And research collected by HOBO shows: “The average U.S. retail mobile site loaded in 6.9 seconds in July 2016, but, according to the most recent data, 40% of consumers will leave a page that takes longer than three seconds to load. And 79% of shoppers who are dissatisfied with site performance say they’re less likely to purchase from the same site again.” Daniel An & Pat Meenan, Google, 2016

If you’re using a lot of data that needs time to upload, try to ensure your website loads quickly.  If it takes too long to load, your consumer will click away. Sad, yet true.

Your website might be exactly what they need, but they don’t wait to find out.  If this is a problem with your website, talk to an IT expert to get some advice to help you.

It’s a wrap

There’s a lot to sort out before you decide to use video.

Whether you decide to add videos into your marketing materials, is up to you. 

To find out if it’s using video as part of marketing has valuable in your niche, you might want to ask clients or check your competitors and colleague to discover what they’re doing.

If you choose to use video, take the time to set up the data to help you.  If you’re not sure how to do this, ask your IT pro. They can set up your social media to capture the number of times your video is watched and what the uptake is.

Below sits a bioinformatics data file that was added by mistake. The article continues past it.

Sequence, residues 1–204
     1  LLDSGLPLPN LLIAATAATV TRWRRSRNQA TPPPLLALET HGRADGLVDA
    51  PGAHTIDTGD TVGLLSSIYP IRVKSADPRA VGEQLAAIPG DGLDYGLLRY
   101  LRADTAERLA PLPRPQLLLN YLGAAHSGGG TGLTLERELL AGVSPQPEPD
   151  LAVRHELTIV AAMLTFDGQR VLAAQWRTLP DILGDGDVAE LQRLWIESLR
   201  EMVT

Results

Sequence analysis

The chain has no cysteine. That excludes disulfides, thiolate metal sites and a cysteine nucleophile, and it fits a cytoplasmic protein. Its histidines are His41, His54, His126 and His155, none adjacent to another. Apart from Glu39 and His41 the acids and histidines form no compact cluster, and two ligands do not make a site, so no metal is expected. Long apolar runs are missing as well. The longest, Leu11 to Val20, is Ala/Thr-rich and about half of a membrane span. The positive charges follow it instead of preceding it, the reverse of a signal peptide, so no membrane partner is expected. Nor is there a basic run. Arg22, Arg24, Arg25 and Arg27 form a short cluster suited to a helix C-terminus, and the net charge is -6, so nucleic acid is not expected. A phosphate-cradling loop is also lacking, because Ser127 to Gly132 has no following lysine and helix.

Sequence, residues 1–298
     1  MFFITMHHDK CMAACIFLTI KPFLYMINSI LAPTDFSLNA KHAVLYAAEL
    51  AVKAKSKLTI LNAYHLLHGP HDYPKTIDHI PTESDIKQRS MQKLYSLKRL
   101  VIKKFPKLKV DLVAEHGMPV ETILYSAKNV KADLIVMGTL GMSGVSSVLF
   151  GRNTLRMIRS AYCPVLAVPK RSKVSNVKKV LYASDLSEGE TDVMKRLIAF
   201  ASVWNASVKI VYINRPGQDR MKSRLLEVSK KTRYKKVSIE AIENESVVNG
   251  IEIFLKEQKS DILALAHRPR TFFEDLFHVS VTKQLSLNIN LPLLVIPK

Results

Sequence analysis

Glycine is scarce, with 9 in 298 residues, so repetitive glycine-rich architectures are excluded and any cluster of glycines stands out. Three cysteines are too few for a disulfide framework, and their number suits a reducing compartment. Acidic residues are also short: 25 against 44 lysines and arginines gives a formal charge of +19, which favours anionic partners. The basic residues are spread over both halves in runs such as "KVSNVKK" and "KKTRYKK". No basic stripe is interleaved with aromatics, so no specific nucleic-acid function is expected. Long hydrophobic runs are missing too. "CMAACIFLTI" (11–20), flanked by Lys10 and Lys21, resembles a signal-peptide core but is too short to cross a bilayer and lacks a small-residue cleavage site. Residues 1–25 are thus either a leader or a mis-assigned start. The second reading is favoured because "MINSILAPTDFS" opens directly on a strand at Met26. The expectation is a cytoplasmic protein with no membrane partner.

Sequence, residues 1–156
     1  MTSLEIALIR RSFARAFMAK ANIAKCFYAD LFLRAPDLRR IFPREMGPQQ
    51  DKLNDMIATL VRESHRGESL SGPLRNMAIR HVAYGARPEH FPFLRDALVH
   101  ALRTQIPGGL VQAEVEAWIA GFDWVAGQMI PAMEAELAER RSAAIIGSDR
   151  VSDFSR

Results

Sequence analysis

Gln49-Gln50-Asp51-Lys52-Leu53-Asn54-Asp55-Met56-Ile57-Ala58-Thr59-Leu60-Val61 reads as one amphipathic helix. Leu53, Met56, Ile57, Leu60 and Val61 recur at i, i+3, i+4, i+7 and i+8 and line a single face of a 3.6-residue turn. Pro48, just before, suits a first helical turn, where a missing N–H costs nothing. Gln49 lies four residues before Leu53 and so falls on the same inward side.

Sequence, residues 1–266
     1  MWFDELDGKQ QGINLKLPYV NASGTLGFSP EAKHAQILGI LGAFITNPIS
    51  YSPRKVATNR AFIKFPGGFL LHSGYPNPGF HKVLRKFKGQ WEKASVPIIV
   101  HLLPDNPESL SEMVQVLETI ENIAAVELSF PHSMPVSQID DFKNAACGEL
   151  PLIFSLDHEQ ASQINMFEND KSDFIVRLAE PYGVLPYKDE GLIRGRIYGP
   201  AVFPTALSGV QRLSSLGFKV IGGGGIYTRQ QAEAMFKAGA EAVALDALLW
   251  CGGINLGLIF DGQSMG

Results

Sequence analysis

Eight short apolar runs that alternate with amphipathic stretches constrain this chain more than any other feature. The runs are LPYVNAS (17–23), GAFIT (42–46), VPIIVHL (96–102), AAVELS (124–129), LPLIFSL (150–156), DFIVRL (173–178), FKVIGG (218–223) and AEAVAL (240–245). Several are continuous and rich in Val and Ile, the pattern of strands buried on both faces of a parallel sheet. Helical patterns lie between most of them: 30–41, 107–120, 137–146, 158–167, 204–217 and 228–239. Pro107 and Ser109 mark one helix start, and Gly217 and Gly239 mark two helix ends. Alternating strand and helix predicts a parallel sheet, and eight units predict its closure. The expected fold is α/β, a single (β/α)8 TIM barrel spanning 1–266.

What do you want to know? You need to know if your viewers are taking action and if that’s having a positive impact on your bottom line.  

After a few months of steady use of video, you may find using video is brilliant for you or discover your followers aren’t interested. Then, you can decide if you want to continue or put your time and energy somewhere else.

“Regardless, the best advice is if you’re going to do it – do it well.” Cheryl Charron

It’s best to take the time to plan it out. Find time  practice, practice, practice. Perform your script in front of friends a few times.  

Unless you’re a gifted speaker, your best approach is having your scripts properly written. And practice (have I said that enough?).  Be professional and give people reasons to trust you. 

Show you care about your customers by offering them quality information with a professional approach. It doesn’t mean you’re not engaging or really formal. It means you will easily start to gain your customer’s trust.  And that’s what you need.  That’s your life jacket.

If you’re just treading water and struggling to get the scripts written or ideas developed, you might want to connect to a freelance copywriter.  Freelance copywriters are your lifeguards when you’re in the deep end.

It’s like how I can help you. I might be not be able to swim, but I can be your copy lifeguard.

Copywriters can save you. They can ease the stress you feel, be objective, be encouraging, while saving you time.  Copywriters are well trained to work with social media of all sorts: video, podcasts, blogs….so it’s worth a call to check a freelancer out.  

Ms Charron is a certified copywriter with more than 35 years experience in a variety of industries. She’s a copywriter who is focused on remembering the human heart in advertising and enjoys working in self-improvement and personal growth.

If you’d like to connect here’s your warm invite www.copywritermarketer.com/cheryl-charron